Apprenticeship and Occupational Certification Overview


Private Training Schools

There are many private training schools that offer industry-specific programs. Some schools offer flexible schedules, unique training opportunities and shorter certification programs than you could get through university or community college. Most private training schools in New Brunswick are reputable and offer excellent training, but make sure you research a private training institute before paying any money. See if they are registered under the New Brunswick Private Occupational Training Act, talk to former graduates, obtain graduate placement stats from the school and compare schools against each other.


Community College

Community College offers very practical training that is often formed in partnership with industry so there is confidence that the training a person receives is marketable in the workforce. There are co-op placements in some programs to provide students with job experience in their field of study. Increasingly, community colleges and universities are partnering to offer joint degree programs and/or will provide credits for courses taken at other institutions.The website for the New Brunswick Community College: 



At university, a person can develop a well rounded education that is in high demand by many employers. Just make sure the degree(s) you pursue can be applied to a career field that is viable. Don't expect a degree will earn you free pass to the labour market. It is merely a tool that you must use to your advantage. If you have decided that university is the choice for you, you may be interested in checking out the following sites:





An increasingly popular alternative is the Canadian Armed Forces. People can become trained in many skilled trades, engineering, medical and scientific fields and have some of their training costs covered by the federal government. By choosing this route, a person can obtain financial assistance, gain valuable experience, and often be offered employment upon completion of training. Contact a local recruiter for more information or visit:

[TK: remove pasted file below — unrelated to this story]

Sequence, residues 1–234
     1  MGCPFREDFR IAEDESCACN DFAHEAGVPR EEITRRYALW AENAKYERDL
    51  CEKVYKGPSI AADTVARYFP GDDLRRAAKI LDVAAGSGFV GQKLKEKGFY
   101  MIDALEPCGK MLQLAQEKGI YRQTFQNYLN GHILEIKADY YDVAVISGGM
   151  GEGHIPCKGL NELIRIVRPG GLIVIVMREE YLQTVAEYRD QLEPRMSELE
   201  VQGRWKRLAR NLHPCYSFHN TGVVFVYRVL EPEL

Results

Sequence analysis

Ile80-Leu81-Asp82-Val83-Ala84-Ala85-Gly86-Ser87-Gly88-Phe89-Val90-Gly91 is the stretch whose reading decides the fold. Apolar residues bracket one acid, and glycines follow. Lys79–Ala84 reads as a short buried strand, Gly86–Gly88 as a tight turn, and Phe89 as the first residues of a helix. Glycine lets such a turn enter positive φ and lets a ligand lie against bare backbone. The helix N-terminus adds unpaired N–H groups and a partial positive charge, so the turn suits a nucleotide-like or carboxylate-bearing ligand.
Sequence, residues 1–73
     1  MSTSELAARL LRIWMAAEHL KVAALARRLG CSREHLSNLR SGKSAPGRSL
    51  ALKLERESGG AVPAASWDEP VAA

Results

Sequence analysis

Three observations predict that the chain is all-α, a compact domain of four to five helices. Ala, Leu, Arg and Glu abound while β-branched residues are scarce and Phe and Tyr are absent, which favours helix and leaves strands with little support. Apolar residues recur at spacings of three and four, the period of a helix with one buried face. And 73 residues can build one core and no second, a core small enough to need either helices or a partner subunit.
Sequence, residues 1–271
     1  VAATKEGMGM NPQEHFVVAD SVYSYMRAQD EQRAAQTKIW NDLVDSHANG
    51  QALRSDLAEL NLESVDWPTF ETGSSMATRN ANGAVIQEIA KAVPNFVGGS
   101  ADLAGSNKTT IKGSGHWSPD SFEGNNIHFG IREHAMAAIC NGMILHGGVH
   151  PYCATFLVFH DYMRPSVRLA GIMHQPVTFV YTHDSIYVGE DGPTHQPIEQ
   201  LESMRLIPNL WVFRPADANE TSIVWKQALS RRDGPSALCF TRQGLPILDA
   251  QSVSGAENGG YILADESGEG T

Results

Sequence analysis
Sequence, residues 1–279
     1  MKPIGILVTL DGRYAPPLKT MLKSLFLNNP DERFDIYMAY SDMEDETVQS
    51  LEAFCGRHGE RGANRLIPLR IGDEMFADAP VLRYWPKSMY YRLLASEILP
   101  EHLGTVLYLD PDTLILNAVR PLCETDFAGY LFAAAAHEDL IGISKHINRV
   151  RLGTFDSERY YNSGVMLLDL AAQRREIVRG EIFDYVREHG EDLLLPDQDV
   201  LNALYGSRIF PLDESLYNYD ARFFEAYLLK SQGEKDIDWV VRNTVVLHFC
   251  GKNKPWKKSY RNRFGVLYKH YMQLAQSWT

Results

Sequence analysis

There are a few ways you can offset some of your education costs.  These include scholarships, bursaries,
                     training programs and student aid.  Here are some links to explore funding options:




It is important to note that all six destinations are equally good choices, provided the choice you select helps build your career. If a road isn't going to take you where you want to go, why travel it? You may even find that one road will not carry you all the way to your goal and you may have to add another destination at some point in your journey.

Based on your research (Step 2:Researching Careers) you should be able to select a destination that best suits your current situation and begin implementing your action plan. In addition to the job specific skills you will learn through your post secondary training, there are a set of workplace essential skills that you can work on to enhance your success in the labour market. Check them out in Step 4: Essential Skills.

Watch a YouTube video on the 6 
Post-Secondary Destintaions!


Creating your Action Plan
Financing your Education
Start your action plan right NOW!

Download this presentation to help guide you through this third step of your career plan. (Requires PowerPoint, or PowerPoint Viewer).

The Work Room Career Resource Centres offer a free one hour module complete with a workbook and customized coaching to help you develop an action plan!  Visit The Work Room website for contact information.
Direct to Work
Private Training School
Community College
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Funded by the Government of Canada and the Province of New Brunswick through the Canada-New Brunswick Labour Market Agreements.

Watch a YouTube video on